My shady patio is a bit gaudy this year. I went wild with six varieties of impatiens. In various colors, these are the so-called "sunpatiens." They can be planted in sun or shade. They've basically replaced the old-fashioned impatiens that are subject to downy mildew. Sunpatiens are resistant to the mildew, which can kill a plant in a matter of days. 

The varieties of sunpatiens I planted -- red, lavender, pink, coral, orange and apricot with variegated leaves -- combine easily with begonias, caladiums, sweet potato vine and other foliage plants. They all got off to a slow start due to the cool spring but are filling in as the summer heat continues.

"The calla lilies are in bloom again." Katherine Hepburn fans remember that iconic line. Summer calla lilies are indeed in bloom again. They differ from the classic white callas, a winter bloomer, because of their bloom schedule and the wide range of colors. Mine are yellow but there are also pink, orange, purple and maroon. They're best grown in pots. In fall, let the foliage frost and then move the whole pot to a dark, cool place for winter storage.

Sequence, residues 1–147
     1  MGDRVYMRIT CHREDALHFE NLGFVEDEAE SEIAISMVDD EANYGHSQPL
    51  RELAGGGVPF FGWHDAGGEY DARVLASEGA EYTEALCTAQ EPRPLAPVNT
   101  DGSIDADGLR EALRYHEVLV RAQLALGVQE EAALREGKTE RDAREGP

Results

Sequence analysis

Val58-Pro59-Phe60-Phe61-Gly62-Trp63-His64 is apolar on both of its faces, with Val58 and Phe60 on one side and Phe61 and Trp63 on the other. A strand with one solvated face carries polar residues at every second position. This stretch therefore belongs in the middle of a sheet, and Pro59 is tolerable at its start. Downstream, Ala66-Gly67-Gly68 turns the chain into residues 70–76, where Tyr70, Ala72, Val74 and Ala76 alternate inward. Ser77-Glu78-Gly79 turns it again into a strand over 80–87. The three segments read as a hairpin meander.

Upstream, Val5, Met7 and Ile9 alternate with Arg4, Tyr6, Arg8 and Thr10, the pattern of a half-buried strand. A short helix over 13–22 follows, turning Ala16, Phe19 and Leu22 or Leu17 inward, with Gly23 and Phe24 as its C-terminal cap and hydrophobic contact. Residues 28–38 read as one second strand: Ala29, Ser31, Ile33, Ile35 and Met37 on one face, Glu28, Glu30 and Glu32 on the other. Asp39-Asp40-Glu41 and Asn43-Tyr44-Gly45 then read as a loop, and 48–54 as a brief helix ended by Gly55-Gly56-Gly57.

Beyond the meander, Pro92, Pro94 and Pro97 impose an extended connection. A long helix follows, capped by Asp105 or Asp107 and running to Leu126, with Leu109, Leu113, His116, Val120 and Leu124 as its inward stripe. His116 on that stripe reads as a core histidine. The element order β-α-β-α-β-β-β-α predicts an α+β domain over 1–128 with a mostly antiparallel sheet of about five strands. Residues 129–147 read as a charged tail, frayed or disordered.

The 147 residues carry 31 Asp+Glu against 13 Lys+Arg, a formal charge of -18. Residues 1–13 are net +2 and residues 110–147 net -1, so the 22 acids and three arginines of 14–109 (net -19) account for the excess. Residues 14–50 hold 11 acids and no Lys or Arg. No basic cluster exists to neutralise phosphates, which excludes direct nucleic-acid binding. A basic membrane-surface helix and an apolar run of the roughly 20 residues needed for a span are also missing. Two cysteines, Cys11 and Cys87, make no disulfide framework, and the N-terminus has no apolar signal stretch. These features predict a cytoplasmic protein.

True lies are also blooming. The first are the Asiatic hybrids which will be followed by trumpets and Oriental hybrids. Afternoon shade helps to prolong their flowers in the heat.

Daylilies are also blooming. Though related to true lilies, daylilies differ in that they have grassy foliage and the flowers last only a day. Repeat bloomers such as yellow 'Happy Returns' have become increasingly popular, although heirlooms such as petite 'Golden Chimes' never lose their charm. 

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